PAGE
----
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Plasmonic antenna enhances spectroscopic studies

Marie Freebody, marie.freebody@photonics.com

HOUSTON – The need for technologies that can detect molecules with high sensitivity is important in many fields. For applications ranging from industrial safety to homeland security, single-molecule sensitivity would be a highly valuable tool.

Now an optical antenna developed by a collaborative group at Rice University, the University of Karlsruhe in Germany and the Autonomous University of Madrid in Spain could be the answer to single-molecule spectroscopy, among other applications. The antenna is made from two gold tips separated by a 1-nm gap and relies on an optical effect known as plasmonics to concentrate light down into a tiny space and increase light intensity a thousandfold.

“Plasmonic antenna structures are a way of manipulating light on deep subwavelength scales,” said Douglas Natelson, a condensed matter physicist at Rice University. “This is potentially useful for a variety of photonics applications, including spectroscopies, nonlinear optics, photodetection, photon sources, plasmon-based optical interconnects.”


The plasmonic field between a pair of gold nanotips concentrates light from an incident laser by a factor of 1000 in a newly developed optical antenna. Courtesy of Natelson Lab, Rice University.


The science behind plasmonic enhancement is not yet fully understood. It’s based on a near-field effect in which electrons on the surface of a metal interact with the electromagnetic field of light to create other waves called plasmons.

When two metal surfaces are placed close together, as with the tips in an optical antenna, the combined effect of both plasmon fields greatly enhances the intensity of light in the tiny volume of space between the two tips. The process involves no net energy gain; instead, the plasmons serve simply to redistribute the incident energy into the near field.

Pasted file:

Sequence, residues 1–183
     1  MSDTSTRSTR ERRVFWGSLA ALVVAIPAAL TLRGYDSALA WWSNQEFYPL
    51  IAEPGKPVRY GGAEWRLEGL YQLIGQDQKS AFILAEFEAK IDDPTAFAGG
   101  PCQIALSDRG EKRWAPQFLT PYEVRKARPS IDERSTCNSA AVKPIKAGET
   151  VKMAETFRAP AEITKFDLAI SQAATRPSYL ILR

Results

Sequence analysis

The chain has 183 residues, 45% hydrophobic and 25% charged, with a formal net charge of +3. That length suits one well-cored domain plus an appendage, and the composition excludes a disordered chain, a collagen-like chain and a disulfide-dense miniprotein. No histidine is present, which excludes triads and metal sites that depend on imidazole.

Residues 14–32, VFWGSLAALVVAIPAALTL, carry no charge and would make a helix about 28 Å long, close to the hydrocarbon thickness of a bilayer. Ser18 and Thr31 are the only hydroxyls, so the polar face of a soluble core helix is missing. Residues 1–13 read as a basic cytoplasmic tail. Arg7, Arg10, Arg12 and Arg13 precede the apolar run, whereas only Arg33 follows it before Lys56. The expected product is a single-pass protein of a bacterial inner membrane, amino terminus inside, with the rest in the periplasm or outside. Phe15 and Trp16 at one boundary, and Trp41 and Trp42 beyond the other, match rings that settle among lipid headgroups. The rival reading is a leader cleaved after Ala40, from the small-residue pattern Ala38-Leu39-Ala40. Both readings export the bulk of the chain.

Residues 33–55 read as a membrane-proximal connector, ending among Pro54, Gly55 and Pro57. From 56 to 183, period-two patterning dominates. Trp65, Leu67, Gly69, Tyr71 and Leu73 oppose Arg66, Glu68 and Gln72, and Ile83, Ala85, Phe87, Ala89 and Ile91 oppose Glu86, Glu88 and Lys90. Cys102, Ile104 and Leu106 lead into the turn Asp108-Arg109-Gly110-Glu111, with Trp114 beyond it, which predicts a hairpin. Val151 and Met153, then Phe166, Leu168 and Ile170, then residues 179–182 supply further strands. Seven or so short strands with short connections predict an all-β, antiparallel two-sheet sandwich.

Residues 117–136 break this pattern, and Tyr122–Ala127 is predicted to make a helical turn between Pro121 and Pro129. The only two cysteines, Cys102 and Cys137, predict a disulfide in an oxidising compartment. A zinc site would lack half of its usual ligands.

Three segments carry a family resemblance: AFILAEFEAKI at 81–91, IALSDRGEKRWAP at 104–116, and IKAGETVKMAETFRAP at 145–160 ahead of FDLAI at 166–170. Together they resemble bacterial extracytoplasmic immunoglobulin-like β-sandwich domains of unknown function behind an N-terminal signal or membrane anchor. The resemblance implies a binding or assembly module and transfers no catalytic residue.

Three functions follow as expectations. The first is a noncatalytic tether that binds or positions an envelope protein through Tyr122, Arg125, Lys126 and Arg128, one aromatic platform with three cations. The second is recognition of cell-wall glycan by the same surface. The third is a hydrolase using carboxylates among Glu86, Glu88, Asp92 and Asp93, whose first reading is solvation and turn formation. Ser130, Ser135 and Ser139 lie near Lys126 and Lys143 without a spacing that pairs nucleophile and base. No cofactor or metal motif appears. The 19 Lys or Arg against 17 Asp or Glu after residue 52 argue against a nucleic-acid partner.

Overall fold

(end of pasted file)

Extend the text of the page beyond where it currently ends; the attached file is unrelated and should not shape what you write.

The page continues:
“When radio waves hit your car antenna, they make the electrons in the metal wire slosh back and forth, producing a small alternating voltage at the tip of the antenna. Your stereo amplifier magnifies that voltage and for radio demodulates it into sound,” Natelson said. “Incident light excites plasmons in our metal electrodes, producing a little oscillating voltage (in our case, tens of millivolts) between the tips of the incredibly closely spaced electrodes. In this sense, our electrodes act like an antenna, but for light rather than radio waves.”

Because the oscillating voltage can drive a current, the Rice group was able to deduce the optically produced voltage. The details of the system are described in the online edition of the journal Nature Nanotechnology published on Sept. 19, 2010.

A 785-nm continuous-wave diode laser was used to illuminate the gap between the gold tips of the antenna. The incident intensity on the nanogaps is, at most, 22.6 kW/cm2. The team found that the intensity in the tiny nanogap region can be more than a million times higher, corresponding to an electric field enhancement of more than 1000.


This colorized scanning electron microscope image depicts the gold tips in the nanoantenna device developed by researchers in the US, Germany and Spain.


Natelson and colleagues have used the plasmonic structure for surface-enhanced spectroscopies and have so far carried out single-molecule Raman spectroscopy. In principle, this could allow detection of chemical analytes with single-molecule sensitivity, although Natelson admits that this remains tricky in practice. Integration with lab-on-a-chip approaches is a natural direction to take, as is using optical antennas for enhanced photodetection.

The group uses similar structures for spectroscopy studies and also is working on some potential sensor applications, a project that is partially supported through LANCER, the Lockheed-Martin Advanced Nanotechnology Center of Excellence at Rice University.


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